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I'd like to start weathering my rolling stock. One of the Depesche issues mentions Rustall. Micromark has it in their catalog. What's your opinion of this product.
 

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It works well. My complaint with it is you can only buy it as a over priced four bottle system. You get the bottle of Rust all, a bottle of black wash (does an okay job), a bottle of a flat wash (also okay) and a bottle of dirt (literally, its pretty worthless). Don't think I'll but the whole thing again but would buy the Rust all separately. I have been using Triangle Coatings' Sophisticated Finishes Iron and Rust (two part process). You can get them at craft stores like Micheal's or cheaper at DickBlick.com. The Rust all gives you a more scale look rust but the Sophisticated Finishes is more realistic. I just did a boxcar using a bit of both and will post a pic tomorrow.

Rust all (and some black wash) used on the Rail Tractor -




and Soph. Fin. on the tip cars -





-Brian
 

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I played with Rustall a long time ago. Never really lived up to the hype in my opinion. I've found more effective ways of doing business now, either via thin washes of paint and drybrushing (see Burl Rice's article in a recent GR), iron acetate wash (steel wool dissolved in vinegar), or Bragdon's weathering chalks.

Later,

K
 

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I use RustAll but I also use the other things that have been mentioned here. Sometimes I mix in a bit of concrete tinting powder with the RustAll to make it less red. The concrete tint is basically just iron oxide.

BTW, you can buy RustAll separately if you search around a little online.
 

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I agree with Bruce.start with india ink and alcohol..I call it "Grunge"

Grunge is my favorite thing to use...if you look at most pics in color RR books most engines are filthy....that is always the look I am looking for...that is not to say I don't have shiny engines, my passenger engines are still shiny!

Experimenting with it can prove to be very effective and surprizing in the results.

Like shooting a tank car with dul-cote first, then either pouring a coat of pure alcohol over it then brushing it off somewhat with a paintbrush when it dries, giving the entire car a dusty whit look, or pouring a mix of the Grunge giving it a real dirty look...with the grunge practice will make it better for the desired effects, you are looking for.

Start first with a car you don't mind experiminting with..The coat of Dul-cote, if you use chaulk will give the chalk bite to adhere better.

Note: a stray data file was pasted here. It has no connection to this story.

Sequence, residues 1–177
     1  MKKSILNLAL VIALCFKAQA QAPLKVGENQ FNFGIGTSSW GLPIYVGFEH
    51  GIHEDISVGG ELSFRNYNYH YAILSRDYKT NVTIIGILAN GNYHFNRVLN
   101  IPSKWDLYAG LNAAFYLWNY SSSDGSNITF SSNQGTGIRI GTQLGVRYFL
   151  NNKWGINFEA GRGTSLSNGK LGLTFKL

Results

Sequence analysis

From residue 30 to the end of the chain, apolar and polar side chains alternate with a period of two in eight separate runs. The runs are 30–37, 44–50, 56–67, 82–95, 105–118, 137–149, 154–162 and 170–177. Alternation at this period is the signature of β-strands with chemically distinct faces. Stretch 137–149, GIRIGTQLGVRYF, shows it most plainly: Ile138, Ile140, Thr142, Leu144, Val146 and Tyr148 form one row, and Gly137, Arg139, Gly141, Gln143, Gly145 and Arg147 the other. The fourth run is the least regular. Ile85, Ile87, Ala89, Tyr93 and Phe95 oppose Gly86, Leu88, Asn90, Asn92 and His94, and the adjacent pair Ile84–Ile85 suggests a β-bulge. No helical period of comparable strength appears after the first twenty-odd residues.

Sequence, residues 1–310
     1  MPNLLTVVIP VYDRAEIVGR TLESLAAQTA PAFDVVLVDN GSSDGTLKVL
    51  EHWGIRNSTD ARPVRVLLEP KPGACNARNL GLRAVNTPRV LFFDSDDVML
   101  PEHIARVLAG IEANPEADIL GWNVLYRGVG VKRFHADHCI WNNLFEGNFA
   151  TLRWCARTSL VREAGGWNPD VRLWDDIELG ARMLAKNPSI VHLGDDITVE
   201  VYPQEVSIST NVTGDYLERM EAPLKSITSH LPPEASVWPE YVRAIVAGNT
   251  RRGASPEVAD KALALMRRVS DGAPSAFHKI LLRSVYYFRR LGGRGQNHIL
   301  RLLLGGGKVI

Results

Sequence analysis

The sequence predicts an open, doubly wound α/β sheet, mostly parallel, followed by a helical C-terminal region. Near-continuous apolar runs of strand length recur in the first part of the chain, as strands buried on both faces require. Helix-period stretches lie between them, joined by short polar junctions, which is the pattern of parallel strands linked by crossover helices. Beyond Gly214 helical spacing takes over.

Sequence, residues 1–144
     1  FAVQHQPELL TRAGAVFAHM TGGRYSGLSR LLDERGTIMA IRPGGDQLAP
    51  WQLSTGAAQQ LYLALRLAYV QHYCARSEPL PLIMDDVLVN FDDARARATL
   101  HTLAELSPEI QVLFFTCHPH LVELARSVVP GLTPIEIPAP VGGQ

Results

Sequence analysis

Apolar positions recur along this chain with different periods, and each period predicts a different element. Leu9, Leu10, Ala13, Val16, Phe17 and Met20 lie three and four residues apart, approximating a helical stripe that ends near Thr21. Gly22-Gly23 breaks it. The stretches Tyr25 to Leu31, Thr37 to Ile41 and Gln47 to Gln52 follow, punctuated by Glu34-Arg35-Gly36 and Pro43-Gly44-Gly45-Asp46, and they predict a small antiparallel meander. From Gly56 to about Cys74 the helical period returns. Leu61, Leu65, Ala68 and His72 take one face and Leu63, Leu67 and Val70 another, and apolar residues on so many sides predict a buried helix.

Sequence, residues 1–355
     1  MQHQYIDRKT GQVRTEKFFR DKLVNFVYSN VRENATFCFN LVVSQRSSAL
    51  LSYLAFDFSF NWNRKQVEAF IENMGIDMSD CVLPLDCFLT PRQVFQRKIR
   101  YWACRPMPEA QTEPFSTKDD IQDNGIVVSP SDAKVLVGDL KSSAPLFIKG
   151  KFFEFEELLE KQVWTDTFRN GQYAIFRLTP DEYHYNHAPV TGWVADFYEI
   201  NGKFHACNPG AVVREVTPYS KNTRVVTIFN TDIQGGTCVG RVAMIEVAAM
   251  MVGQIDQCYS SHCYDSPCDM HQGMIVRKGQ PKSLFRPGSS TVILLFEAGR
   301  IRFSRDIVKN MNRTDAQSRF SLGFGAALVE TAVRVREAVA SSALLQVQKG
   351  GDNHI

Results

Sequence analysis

Bragdons's are my chaulk of choice..although you can buy pigments in bulk from pigment companies if you want to get larger quantities and cheaper, works the same as the Bragdon...as long as you use something like Dul-Cote for bite first.

Rustall...what's that? Almost bought some once.

MHO

Bubba
 

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I bought some stuff from Michaels by Sophisticated Finishes. It's 2 part, you paint on the base which is like ground iron or steel then after it dries you apply the rusting agent. The surface is quite coarse. I've used it on truss rods, bolt heads, nuts, shackles. I like it though it may not work every where. Anyone else used this?
 

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I have used that stuff extensively..the same way you have also...it is also expensive. You can go to the web site and buy larger bottles of both the iron and the blue solution....again it is more expensive.

What I found out using it that is a by product of the rusting process is that when the blue solution dries it leaves a whitish stain where the solution dried after application....it has been a boon for weathering my stuff as it looks like a more realistic side effect that evne brings out the weathering even more realisticly.

Or you can whipe it off, but I prefur to leave it on.

It is very easy to get a little carried away using it, and brush strokes and such take a little practice to get a realistic look after the rust appears. But expirimentation is well worth the effects achieved.

Bubba
 

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Posted By chrisb on 11/17/2008 8:05 AM
I bought some stuff from Michaels by Sophisticated Finishes. It's 2 part, you paint on the base which is like ground iron or steel then after it dries you apply the rusting agent. The surface is quite coarse. I've used it on truss rods, bolt heads, nuts, shackles. I like it though it may not work every where. Anyone else used this?





No, nobody here.



-Brian
 

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Many eons ago I purchased Grumbachers's Tubes of Hyplar Acrylic Artiists colors in Red Iron Oxide (rust), Yellow Ocher, Burnt Umber, Lamp Black, etc. I mix a dab of these with a drop of liquid detergent in various volumes of water and use them as washes for weathering. Once dry they don't come off with handleing. The red iron oxide makes great rust especially when you prepare the object with a little degergent and water then apply the rust wash.
Noel
 
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